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Tube Base Glue
(Last updated: 09-Mär-2017 10:14 )

Everybody, working with older type tubes knows the problem, the sockets can get loose. Fixing this is not easy, because glass is hard to glue as you may know. The high glass temperate will either make that any regular glue will soon break off again, or some glue types will crack the tube glass when the tube cools down.

The best way to attach the base, is original tube base glue. This is a mixture of pre-burned resin, grinded stone, and other ingredients. It must be solved in alcohol and then baked in an oven at 175 °C for 45 minutes. When done well, this will last a few decades, but after that get brittle and the socket gets loose. But... the disadvantage is, it cannot be used to repair historical tubes. The very old tubes may crack the glass when the tube is baked into an oven to cure the glue. 

The problem: how do we repair those old tubes?

:( Two components glue. This will get loose soon, or worse it can cause a glass breakage after some months of storage. It causes a circular crack, and the whole glass bulb comes off. 

:( 10-seconds glue.  I call it Ebay glue. For absoltely sure, it will come off again later. After enough w arming up cycles it will not stick to the glass any more. Also any drips along the tube base can't be removed. So you may end up with a smeared tube base, and still the base is loose after some time.

The Solution:

Use our repair glue.

First, here s is the composition of historical tube base glue: Stone powder, Orange Shellac particles, Resin, Aniline. Then, this powder is solved in Alcohol, and the glue compound must be used within 4 hours.

This glue has a similar expansion coefficient as glass, which is very important, or you would get glass cracks. Glass is curious material. When there is mechanical tension on it, for months or years nothing will happen. Then, suddenly it will crack, usually at pre-exposed places. Like when the glass is bended, or where the glass touches the tube base. Also the surface right behind a getter in the tube base, was exposed to large heat during getter flashing. If there is mechanical pressure on the base, a crack may develop behind the getter.

A general problem we all know, hot glass will crack when it touches a fluid like water or alcohol. This property, let's call it a problem too, will get very much worse, when glass gets older. Pre damage may remain unnoticed for years, and later crack. The original tube glue is applied as a wet compound. So during hardening in the oven, the alcohol will at first evaporate, and then the resin and shellac will burn, and form the final glue. During this process, the glue will boil, and in the beginning, the temperature of the glue can not be higher as the boiling temperature of alcohol. Whereas oven temperature is higher. This temperature difference will pre-damage mainly OLD glass. Even new glass wants to be treated carefully, but old glass will damage for sure. Then after a few days, months or years, your repaired tube will crack. We had to learn it the hard way, this is definitely NOT working on older tubes.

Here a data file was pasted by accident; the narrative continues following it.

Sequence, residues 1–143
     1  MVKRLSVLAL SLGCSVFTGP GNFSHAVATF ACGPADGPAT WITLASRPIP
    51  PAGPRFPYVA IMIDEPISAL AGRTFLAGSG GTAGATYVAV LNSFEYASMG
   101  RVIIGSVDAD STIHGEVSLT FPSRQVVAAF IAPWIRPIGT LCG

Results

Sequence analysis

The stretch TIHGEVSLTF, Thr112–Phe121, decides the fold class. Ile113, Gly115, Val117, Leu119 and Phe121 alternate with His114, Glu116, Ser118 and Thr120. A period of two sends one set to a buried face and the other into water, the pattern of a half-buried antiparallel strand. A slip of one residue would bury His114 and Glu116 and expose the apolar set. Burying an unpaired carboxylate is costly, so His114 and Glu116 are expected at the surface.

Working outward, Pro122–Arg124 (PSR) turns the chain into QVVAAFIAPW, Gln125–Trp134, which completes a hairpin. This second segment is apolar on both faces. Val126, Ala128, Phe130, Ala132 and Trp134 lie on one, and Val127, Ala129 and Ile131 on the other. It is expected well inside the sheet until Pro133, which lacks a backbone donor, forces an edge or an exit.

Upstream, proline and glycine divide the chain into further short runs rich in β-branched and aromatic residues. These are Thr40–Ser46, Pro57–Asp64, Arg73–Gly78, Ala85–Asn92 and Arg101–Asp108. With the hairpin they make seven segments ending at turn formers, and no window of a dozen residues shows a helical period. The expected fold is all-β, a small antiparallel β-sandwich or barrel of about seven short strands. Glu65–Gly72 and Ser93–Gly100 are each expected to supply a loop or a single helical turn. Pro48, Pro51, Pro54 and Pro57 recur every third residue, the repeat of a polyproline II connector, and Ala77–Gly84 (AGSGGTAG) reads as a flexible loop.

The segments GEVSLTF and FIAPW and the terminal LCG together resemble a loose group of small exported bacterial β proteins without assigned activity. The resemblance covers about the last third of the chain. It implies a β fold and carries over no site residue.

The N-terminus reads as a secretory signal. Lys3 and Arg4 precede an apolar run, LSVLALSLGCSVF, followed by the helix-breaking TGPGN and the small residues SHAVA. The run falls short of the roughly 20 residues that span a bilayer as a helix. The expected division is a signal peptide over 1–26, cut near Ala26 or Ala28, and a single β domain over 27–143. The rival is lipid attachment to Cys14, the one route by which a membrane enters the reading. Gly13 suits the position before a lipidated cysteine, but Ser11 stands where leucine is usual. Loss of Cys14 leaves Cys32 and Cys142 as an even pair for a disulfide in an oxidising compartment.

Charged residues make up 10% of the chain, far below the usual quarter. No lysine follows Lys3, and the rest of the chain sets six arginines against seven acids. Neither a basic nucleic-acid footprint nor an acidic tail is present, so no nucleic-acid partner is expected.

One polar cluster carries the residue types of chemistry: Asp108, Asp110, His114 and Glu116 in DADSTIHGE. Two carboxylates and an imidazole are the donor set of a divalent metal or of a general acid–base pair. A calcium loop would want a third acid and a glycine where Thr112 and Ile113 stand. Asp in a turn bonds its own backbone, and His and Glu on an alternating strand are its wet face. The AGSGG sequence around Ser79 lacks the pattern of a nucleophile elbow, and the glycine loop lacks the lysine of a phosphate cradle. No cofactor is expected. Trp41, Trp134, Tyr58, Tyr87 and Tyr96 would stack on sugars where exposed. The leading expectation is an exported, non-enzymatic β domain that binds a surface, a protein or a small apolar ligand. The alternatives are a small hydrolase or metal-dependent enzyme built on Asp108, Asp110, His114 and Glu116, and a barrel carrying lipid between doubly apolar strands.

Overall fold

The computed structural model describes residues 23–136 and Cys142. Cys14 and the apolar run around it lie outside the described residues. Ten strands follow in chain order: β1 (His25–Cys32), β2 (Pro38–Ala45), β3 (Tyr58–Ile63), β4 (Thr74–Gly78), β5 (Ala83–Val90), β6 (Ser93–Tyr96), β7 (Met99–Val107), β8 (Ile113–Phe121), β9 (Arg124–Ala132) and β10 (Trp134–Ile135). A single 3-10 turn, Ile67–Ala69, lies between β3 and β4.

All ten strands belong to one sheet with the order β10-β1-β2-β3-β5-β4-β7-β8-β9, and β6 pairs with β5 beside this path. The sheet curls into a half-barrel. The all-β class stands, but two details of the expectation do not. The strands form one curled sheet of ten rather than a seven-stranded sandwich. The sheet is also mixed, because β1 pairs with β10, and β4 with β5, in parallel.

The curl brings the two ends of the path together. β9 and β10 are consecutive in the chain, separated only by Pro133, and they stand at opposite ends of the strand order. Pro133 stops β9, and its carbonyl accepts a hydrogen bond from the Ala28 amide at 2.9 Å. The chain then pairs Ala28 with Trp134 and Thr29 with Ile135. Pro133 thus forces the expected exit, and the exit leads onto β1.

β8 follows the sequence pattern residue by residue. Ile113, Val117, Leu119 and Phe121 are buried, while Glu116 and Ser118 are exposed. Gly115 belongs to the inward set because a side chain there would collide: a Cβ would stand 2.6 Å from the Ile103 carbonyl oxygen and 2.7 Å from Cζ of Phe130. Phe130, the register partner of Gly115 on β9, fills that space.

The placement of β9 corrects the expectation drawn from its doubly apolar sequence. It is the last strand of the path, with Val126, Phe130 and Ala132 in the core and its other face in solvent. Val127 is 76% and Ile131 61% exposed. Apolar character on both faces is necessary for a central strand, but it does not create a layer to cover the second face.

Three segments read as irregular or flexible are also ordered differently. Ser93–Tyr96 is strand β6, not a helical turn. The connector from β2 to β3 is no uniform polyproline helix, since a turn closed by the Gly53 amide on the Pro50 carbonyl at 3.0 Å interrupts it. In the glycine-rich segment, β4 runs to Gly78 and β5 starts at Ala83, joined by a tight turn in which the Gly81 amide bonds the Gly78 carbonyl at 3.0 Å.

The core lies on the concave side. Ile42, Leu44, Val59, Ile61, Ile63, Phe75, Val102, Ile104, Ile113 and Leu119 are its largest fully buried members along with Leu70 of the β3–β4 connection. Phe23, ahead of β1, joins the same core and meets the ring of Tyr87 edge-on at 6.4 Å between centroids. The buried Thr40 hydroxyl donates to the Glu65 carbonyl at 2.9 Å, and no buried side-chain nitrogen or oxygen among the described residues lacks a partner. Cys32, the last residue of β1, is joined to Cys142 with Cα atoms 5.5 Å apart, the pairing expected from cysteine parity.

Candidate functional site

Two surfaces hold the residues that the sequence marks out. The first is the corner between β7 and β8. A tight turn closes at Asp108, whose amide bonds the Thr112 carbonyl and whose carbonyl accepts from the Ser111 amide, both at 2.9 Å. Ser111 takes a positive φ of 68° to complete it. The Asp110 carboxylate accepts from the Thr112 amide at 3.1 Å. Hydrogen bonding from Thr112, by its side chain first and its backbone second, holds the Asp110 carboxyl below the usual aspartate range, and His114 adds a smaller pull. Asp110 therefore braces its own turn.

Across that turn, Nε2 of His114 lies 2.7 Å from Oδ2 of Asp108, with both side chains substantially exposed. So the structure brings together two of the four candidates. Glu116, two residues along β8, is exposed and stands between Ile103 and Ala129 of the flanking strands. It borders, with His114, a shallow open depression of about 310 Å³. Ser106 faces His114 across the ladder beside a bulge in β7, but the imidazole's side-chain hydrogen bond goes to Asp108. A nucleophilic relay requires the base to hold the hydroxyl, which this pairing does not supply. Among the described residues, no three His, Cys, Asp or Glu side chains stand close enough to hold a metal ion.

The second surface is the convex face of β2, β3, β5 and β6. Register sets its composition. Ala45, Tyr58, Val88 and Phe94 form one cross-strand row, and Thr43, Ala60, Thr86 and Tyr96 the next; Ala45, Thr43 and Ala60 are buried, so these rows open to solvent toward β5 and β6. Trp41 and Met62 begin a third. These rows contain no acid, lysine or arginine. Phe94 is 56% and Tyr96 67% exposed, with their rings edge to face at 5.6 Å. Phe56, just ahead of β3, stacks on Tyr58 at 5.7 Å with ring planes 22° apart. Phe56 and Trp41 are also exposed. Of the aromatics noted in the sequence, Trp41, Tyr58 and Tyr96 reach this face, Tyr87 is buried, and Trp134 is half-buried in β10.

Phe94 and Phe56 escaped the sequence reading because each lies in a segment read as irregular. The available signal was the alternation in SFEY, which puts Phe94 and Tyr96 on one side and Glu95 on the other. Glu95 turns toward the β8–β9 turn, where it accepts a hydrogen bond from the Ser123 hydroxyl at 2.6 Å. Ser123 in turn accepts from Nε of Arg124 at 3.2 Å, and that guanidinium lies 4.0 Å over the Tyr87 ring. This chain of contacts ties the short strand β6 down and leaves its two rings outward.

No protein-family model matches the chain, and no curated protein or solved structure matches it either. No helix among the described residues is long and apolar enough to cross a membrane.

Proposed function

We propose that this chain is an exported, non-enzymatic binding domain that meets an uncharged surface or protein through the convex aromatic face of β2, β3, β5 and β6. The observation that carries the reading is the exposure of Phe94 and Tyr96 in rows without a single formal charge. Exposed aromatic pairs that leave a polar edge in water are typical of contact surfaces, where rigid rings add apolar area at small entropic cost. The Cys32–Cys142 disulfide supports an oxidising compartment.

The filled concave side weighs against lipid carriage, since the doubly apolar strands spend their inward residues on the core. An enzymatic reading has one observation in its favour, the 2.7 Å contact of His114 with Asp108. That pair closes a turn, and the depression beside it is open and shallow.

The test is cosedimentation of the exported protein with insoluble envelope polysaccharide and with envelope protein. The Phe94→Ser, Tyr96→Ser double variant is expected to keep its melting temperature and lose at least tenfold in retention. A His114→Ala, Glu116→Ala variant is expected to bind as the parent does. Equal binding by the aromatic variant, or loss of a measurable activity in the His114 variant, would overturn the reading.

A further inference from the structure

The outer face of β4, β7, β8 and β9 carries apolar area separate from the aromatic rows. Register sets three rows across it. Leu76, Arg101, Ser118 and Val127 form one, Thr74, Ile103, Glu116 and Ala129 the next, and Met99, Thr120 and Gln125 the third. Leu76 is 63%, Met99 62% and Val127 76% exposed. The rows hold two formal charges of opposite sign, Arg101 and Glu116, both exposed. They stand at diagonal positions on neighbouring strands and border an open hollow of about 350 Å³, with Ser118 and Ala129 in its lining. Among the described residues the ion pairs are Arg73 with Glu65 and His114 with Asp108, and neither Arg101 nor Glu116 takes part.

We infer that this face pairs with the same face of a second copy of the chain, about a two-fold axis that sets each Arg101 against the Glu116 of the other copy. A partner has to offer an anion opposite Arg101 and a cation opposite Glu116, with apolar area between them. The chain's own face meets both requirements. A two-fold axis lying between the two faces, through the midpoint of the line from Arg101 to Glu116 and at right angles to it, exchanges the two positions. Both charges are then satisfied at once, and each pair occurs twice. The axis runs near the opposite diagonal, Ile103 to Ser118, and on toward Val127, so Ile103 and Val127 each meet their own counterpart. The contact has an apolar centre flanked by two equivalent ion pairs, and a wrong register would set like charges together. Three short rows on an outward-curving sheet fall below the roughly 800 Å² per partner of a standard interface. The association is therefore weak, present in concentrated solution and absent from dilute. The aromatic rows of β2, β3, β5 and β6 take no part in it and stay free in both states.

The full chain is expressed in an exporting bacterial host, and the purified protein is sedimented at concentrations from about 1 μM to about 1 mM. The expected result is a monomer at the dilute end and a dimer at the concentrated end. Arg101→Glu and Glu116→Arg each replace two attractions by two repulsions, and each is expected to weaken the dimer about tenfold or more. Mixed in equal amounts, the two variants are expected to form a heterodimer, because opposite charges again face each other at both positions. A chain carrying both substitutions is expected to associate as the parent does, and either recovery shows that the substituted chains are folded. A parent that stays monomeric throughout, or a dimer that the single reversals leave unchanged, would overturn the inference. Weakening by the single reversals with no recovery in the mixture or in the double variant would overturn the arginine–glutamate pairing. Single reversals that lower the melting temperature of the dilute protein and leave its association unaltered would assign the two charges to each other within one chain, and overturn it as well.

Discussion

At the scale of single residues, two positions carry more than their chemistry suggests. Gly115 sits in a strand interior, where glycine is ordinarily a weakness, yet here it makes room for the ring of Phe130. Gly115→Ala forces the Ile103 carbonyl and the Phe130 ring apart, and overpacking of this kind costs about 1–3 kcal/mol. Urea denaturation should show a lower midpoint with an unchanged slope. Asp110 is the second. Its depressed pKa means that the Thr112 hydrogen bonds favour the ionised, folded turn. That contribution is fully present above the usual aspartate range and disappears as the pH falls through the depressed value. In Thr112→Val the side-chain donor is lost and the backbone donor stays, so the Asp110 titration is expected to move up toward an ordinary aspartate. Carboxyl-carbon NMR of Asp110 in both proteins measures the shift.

Something similar occurs when you repair older tubes with two components epoxy. This will put mechanical force on the glass, which force is temperature dependant, and after months or years, the glass may crack. Also this seemed NOT a good idea.

So a repair glue must be applied cold, and have the same expansion coefficient as glass. We have developed a glue for this. It will repair the base permanently, without destroying the original glue compound inside the tube base. So the tube stays as original as can be, with no signs of the repair afterwards. There is no need to desolder the wiring. Though a re-solder afterwards is recommended, but only when you are sure you can nicely do this. If you need to learn this, practice it first on a tube that you want to dispose anyway.

The used glue mixture is a result of many trials. The tube glue we have now, is based on three solvents that are mixed. The base compound makes the glue look milky and reasonably water solvable, which is convenient when you work with it. Also the glue contains some stone powder and shellac, which helps to fill small gaps. 

With this glue, you don't need to remove the socket. Any dirt between the base and the original old glue does not need to be removed. This glue will form a strong and flexible compound with any old residue. The Emission Labs ® repair glue contains a material, that soak inside the old glue compound and rejunivates it. Like this the old glue can stay in place, and the base does not have to be removed. 

Tube base glue after softening the original glue

This picture shows how the Emission Labs ® repair glue forms a compound with the original glue. The original glue is the black particles that you see. They get weak again, and are soaked with the resin solution. NOTE, it is not normal to take off the socket; we just did so to look underneath, and see what happens. This is an old GECO rectifier tube, with almost no old glue left inside any more. Only showed here to demonstrate how the old glue is weakened again. When using the glue, you should leave the socket on.


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